In its report, the Advisory Committee noted that the Secretary-General was proposing that multiple large projects be carried out in phases over a four- to five-year period with a price tag of about $141 million over a five-year period from 2011 to 2015, and one project with a significant staffing increase (structural review project 4).  The Secretary-General was asking the Assembly to endorse the projects, with immediate approval for funding over multiple budget cycles and from multiple funding sources.


The Republic of Korea’s representative said information and communications technology systems could no longer be considered luxury goods or reform measures — they were necessary goods and services that let the Secretariat adapt to evolving environments.  “If we delay investments, we might save a little financially in the short-run, but we would lose much larger efficiency gains in the long-run,” he said.  He urged everyone within the United Nations to offer their full support without holding onto vested interests.


Mr. Yamazaki also introduced the Secretary-General’s third progress report on the Organization’s adoption of the International Public Sector Accounting Standards.  He stressed that the timetables for fully implementing these standards by 2014 throughout the Organization had to be aligned with the timelines for Umoja.


Also speaking today on this issue were representatives from Switzerland (on behalf of Liechtenstein), Singapore, Japan, and the Russian Federation.


The representative of Cuba spoke on another matter.


The Committee will reconvene at 10 a.m. Thursday, 2 December, to discuss financing for the United Nations Stabilization Mission in Haiti (MINUSTAH) and revised budget estimates for the Human Rights Council, which is part of the agenda item programme budget:  biennium 2010-2011.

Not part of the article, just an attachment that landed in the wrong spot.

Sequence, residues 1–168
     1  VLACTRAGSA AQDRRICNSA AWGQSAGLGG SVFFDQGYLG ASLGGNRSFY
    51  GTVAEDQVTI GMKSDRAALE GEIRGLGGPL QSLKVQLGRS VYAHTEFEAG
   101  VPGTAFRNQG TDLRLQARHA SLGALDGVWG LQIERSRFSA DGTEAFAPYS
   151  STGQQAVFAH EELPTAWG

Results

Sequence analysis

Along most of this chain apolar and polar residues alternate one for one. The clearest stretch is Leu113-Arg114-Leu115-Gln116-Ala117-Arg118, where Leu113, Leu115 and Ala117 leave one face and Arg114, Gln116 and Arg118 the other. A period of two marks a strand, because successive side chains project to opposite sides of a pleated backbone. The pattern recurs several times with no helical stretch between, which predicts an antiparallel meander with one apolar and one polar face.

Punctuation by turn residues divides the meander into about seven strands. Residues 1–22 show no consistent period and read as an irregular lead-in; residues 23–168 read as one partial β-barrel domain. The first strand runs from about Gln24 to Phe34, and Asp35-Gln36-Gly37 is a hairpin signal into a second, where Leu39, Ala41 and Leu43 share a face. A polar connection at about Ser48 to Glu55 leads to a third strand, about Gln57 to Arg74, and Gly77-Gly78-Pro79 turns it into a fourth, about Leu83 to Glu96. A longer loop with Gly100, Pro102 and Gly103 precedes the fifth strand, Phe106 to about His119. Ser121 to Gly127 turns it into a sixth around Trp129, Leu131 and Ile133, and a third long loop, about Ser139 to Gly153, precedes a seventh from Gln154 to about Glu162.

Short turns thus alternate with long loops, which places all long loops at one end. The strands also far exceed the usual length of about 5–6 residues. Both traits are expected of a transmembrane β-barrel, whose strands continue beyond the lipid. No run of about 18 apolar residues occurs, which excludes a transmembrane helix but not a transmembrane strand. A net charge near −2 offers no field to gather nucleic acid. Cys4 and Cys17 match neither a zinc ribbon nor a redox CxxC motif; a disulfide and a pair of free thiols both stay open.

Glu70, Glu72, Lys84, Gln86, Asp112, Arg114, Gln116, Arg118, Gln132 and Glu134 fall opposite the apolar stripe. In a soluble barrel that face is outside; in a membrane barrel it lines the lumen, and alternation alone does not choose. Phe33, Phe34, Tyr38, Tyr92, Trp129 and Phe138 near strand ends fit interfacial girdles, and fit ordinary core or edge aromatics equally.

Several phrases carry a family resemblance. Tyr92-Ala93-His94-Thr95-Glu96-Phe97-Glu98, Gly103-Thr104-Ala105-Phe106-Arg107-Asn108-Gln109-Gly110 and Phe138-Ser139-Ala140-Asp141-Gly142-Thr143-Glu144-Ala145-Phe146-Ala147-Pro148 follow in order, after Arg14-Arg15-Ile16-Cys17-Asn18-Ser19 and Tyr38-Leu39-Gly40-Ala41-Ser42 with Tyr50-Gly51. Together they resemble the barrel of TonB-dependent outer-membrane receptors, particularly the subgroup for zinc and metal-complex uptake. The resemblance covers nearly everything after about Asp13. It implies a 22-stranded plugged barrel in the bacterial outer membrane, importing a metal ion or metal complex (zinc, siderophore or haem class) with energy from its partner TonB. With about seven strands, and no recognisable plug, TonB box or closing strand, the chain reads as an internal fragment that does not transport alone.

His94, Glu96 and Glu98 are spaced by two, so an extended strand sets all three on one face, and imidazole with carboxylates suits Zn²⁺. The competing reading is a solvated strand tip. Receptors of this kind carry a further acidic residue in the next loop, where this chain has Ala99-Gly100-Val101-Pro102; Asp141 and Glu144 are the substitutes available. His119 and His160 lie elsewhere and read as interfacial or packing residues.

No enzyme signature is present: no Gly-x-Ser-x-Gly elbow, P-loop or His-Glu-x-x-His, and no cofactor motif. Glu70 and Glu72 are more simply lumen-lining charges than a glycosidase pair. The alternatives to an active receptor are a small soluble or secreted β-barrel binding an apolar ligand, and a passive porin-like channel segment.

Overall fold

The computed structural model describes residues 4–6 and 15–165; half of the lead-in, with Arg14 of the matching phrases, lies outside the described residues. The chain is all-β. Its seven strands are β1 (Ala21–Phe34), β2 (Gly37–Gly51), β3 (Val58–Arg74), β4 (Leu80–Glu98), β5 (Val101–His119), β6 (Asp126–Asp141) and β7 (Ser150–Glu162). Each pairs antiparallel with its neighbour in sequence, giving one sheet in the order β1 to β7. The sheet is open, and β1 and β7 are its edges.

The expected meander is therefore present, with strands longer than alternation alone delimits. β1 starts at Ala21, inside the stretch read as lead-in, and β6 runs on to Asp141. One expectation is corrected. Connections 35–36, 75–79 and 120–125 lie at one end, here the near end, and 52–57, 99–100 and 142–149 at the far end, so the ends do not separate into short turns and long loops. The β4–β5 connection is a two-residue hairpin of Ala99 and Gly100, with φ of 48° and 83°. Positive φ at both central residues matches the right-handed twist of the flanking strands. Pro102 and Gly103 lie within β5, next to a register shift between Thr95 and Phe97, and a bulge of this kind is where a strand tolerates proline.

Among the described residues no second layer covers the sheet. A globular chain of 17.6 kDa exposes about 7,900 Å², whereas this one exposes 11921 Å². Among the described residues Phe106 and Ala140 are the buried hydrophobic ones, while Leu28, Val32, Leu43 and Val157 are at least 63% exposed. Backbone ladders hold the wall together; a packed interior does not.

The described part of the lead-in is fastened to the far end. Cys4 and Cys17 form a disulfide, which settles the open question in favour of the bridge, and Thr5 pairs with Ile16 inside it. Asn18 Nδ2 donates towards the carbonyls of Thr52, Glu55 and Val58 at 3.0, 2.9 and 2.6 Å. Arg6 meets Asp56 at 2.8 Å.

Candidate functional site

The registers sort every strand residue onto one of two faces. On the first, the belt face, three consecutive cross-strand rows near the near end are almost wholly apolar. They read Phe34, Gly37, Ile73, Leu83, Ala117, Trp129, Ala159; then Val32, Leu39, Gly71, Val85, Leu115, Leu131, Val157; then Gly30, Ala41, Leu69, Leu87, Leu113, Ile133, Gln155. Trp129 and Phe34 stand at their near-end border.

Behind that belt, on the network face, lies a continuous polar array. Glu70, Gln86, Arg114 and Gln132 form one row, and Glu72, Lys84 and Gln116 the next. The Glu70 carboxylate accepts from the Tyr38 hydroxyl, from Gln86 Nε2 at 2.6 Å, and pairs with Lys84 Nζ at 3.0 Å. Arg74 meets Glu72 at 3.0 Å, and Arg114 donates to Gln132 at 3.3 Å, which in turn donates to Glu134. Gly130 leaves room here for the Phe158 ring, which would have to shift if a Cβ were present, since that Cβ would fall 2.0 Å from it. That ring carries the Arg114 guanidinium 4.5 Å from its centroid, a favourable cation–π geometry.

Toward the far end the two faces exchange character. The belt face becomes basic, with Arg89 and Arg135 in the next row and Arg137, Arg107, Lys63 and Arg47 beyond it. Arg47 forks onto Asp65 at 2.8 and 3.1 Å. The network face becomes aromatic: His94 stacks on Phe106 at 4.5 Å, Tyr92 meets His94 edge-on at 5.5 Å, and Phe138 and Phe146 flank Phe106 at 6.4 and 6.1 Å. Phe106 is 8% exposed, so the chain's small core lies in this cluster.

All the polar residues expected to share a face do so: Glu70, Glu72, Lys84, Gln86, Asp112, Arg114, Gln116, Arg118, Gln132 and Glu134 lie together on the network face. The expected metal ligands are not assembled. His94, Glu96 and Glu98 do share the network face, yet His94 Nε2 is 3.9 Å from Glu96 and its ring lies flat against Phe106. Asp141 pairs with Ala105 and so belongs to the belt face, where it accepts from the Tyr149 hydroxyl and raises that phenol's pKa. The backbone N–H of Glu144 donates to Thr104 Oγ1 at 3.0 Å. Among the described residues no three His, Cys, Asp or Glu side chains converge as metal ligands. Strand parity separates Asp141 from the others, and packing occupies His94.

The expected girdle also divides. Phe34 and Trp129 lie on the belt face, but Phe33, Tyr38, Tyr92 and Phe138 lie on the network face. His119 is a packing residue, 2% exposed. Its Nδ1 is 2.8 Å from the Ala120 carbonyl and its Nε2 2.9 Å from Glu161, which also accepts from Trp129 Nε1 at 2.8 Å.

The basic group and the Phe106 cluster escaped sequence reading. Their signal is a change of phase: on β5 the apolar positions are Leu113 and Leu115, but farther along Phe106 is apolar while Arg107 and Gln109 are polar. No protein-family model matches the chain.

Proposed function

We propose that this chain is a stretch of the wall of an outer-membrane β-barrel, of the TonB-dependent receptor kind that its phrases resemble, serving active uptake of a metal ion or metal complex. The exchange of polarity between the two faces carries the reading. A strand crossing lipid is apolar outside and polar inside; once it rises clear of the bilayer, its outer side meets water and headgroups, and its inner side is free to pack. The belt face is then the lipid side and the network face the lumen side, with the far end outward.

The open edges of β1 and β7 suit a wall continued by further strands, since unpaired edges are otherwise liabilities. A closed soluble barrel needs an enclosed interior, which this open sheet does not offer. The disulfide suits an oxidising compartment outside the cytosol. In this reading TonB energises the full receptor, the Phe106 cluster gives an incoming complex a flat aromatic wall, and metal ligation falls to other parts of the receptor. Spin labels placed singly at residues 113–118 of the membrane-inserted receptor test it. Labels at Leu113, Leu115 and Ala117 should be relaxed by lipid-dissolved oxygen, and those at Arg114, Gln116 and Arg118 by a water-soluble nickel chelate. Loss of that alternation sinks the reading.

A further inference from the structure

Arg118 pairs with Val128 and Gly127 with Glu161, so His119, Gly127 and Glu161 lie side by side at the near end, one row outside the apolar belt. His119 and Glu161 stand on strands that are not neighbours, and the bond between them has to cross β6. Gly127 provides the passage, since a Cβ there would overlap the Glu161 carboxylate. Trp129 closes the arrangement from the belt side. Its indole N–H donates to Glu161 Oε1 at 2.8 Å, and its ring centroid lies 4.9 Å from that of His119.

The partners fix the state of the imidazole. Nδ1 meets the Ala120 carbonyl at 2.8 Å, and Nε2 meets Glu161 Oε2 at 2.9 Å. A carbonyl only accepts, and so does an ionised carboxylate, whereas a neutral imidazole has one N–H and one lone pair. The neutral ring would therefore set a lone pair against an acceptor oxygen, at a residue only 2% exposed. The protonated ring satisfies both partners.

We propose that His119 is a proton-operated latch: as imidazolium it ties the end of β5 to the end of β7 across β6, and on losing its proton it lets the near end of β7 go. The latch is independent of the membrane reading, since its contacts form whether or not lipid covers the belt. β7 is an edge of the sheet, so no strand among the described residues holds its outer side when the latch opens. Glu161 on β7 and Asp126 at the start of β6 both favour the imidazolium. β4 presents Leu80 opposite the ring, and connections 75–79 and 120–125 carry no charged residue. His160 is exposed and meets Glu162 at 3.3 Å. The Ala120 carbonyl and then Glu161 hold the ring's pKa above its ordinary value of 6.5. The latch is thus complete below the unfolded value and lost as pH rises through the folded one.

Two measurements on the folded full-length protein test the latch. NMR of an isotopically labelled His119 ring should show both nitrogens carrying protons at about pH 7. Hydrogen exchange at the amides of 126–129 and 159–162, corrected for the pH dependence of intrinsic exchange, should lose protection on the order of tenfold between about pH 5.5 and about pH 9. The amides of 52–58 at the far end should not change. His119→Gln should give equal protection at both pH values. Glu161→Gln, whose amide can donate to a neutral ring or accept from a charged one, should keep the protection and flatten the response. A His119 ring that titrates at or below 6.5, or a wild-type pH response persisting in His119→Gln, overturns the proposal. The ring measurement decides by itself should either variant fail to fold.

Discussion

Background


The Fifth Committee had before it five reports relating to the implementation of the Organization’s system-wide information and communications technology strategy, the development of an enterprise resource planning project called Umoja, and the shift to international accounting standards to prepare financial statements throughout the Organization.


The Secretary-General’s 94-page report, Status of implementation of the information and communications technology strategy for the  United Nations Secretariat (document A/65/491) gives an update on the status of this strategy, including the outcomes of the information and communications technology (ICT) structural review.  This review is a comprehensive inventory of ICT capacities across the Secretariat that led to proposals to improve the effectiveness and efficiency of ICT activities.  It also includes a unified ICT disaster recovery plan and business continuity approach.  The report was issued on 5 October 2010.


The Secretary-General’s ICT strategy includes a long-term vision, management priorities and three strategic programmes.  These programmes are in the areas of knowledge management, resource management and infrastructure management.  The strategy’s goal is to overcome the difficulties stemming from a highly fragmented ICT environment and leverage the technology to boost the Organization’s effectiveness and efficiency in delivering United Nations services to the global community.


The overhaul’s aim is to improve the Organization’s effectiveness and efficiency and lay down an organization-wide approach to ICT that is consistent with the expectations of Member States.  This goal is unattainable under current conditions.  The optimal use of ICT resources will significantly benefit the Secretariat in meeting its mission and programme goals effectively.


The Secretary-General has proposed that four projects be undertaken from 2011 to 2015.  These include:  implement globalized service desks to improve quality of service and reduce costs; Streamline data centres to increase quality of service and reduce costs; rationalize ICT organization to improve ICT personnel planning, effectiveness and productivity; and strengthen the functions of the Office of Information and Communications Technology in overseeing strategic ICT activities, reduce fragmentation and promote ICT innovation across the Secretariat.